Cothren joins Casada in filing for delay in corruption trial
Cade Cothren, former chief of staff to ex-House Speaker Glen Casada, leaving the federal courthouse in Nashville following his arraignment on conspiracy charges. (Photo: John Partipilo)
Cade Cothren, former chief of staff to ex-House Speaker Rep. Glen Casada, has joined Casada in seeking a delay of his trial on federal bribery, theft and kickback charges.
Cothren, who was fired in 2019 amid a racist and sexist texting scandal that engulfed Casada’s speakership, filed a request Monday in federal court asking for his Oct. 25 trial to be postponed, waiving his right to a speedy trial.
Cothren’s attorney, Cynthia Sherwood of Nashville, said in the filing Cothren “intends to vigorously defend” himself against the allegations in a 20-count indictment and needs time to evaluate evidence and conduct his own “independent investigation.”
Federal prosecutors say Cothren hid his identity and set up a phony New Mexico-based vendor called Phoenix Solutions and did constituent mailers for Republican House members in 2020. Casada and former Rep. Robin Smith conspired to hide his identity to make sure no one found out he was running the company and steered business to him in return for kickbacks. While perpetrating the scheme, they referred to Cothren primarily as “Matthew Phoenix,” according to indictments.
Smith pleaded guilty in the scheme in February and is cooperating with federal authorities.
Casada earlier filed a request for up to a six-month delay in his trial on the same charges Cothren is facing, including bribery, theft from programs receiving federal funds, kickbacks and conspiracy to commit money laundering. If convicted, each of them could face up to 20 years in prison.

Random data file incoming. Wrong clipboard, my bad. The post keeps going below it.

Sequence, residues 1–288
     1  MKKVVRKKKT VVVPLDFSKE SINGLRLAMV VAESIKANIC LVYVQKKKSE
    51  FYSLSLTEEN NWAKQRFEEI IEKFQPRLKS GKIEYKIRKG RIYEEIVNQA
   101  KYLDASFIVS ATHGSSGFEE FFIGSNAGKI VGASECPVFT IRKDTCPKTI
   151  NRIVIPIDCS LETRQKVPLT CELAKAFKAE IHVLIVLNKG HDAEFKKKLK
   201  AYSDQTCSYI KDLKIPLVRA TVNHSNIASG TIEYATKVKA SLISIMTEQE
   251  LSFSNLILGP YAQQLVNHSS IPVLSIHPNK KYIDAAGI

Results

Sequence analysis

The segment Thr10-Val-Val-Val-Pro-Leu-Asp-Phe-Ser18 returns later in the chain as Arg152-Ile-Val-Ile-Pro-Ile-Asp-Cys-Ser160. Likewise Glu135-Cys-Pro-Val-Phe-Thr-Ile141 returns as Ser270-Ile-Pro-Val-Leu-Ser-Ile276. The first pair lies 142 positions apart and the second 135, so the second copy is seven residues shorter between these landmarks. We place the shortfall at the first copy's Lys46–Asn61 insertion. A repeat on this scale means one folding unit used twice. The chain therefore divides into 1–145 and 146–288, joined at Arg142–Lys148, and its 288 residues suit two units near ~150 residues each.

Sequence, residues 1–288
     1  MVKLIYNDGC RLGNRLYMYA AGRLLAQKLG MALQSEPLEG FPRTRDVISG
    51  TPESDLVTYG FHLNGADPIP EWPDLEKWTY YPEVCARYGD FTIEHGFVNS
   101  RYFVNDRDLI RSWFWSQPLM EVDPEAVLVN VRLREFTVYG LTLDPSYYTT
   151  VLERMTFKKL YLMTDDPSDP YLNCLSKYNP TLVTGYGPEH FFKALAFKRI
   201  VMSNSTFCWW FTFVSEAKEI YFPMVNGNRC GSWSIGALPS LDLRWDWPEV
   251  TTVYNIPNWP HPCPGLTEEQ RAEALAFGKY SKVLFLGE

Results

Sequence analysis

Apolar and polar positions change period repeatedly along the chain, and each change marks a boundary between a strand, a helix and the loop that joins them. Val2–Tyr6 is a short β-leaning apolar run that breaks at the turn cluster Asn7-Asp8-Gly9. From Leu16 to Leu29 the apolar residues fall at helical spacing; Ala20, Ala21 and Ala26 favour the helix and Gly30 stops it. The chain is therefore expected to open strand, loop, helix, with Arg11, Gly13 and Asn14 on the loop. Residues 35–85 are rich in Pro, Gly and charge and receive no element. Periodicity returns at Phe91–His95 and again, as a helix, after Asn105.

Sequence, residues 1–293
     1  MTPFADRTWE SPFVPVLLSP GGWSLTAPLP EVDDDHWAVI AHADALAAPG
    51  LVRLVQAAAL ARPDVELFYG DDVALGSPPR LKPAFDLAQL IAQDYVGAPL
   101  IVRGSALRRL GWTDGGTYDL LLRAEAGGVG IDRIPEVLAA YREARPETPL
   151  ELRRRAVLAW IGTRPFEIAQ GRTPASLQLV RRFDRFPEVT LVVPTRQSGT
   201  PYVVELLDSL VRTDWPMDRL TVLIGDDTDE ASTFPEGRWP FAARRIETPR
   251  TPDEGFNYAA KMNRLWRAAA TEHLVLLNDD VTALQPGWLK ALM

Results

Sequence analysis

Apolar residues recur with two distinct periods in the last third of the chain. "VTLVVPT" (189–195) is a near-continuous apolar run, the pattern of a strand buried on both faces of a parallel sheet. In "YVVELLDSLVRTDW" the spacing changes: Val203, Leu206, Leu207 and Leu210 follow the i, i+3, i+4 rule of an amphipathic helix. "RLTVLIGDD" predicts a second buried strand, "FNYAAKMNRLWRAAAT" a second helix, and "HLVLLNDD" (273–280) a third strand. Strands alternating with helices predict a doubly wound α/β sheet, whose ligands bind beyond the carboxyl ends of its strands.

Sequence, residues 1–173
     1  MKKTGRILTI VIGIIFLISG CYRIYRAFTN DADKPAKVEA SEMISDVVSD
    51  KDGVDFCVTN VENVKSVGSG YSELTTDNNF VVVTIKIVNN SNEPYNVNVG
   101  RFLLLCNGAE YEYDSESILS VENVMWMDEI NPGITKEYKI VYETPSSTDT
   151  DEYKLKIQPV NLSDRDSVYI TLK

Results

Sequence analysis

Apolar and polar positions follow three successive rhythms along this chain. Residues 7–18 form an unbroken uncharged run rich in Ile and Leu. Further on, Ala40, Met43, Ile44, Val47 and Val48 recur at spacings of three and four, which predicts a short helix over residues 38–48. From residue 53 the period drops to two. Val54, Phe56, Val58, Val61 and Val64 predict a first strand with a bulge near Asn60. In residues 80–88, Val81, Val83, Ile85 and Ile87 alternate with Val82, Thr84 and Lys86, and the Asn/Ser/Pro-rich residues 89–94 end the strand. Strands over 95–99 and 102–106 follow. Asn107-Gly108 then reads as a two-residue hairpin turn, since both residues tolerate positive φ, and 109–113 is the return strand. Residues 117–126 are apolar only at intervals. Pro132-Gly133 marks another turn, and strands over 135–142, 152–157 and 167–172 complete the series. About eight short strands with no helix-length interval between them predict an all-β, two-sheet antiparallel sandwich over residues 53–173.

Cothren also faces a Sept. 21 Chancery Court hearing in Nashville in connection with contempt charges levied by the Tennessee Registry of Election Finance for refusing to respond to two subpoenas. He is seeking a delay in that hearing.
The Registry board ordered Cothren to answer questions and provide documents about his involvement in a political action committee called the Faith Family Freedom Fund, which played a role in the 2020 House race between current Rep. Todd Warner of Chapel Hill, who defeated incumbent Rick Tillis, a political enemy of Casada.
A former girlfriend of Cothren told the Registry board under oath that she set up the political action committee at his request and turned over the operation to him.
Initially, a campaign worker for Tillis filed a complaint with the Registry that illegal coordination took place between the Warner campaign and the Faith Family Freedom Fund, but the board took no action at first.
Since then, the board turned over its investigation of the matter to Williamson County District Attorney Kim Helper and sent the case regarding Cothren’s refusal to show up for a subpoena to the Tennessee Attorney General’s Office.
In a letter to the Registry board, Cothren said he would invoke his Fifth Amendment right not to incriminate himself. But he refused to show up or provide the documentation requested.
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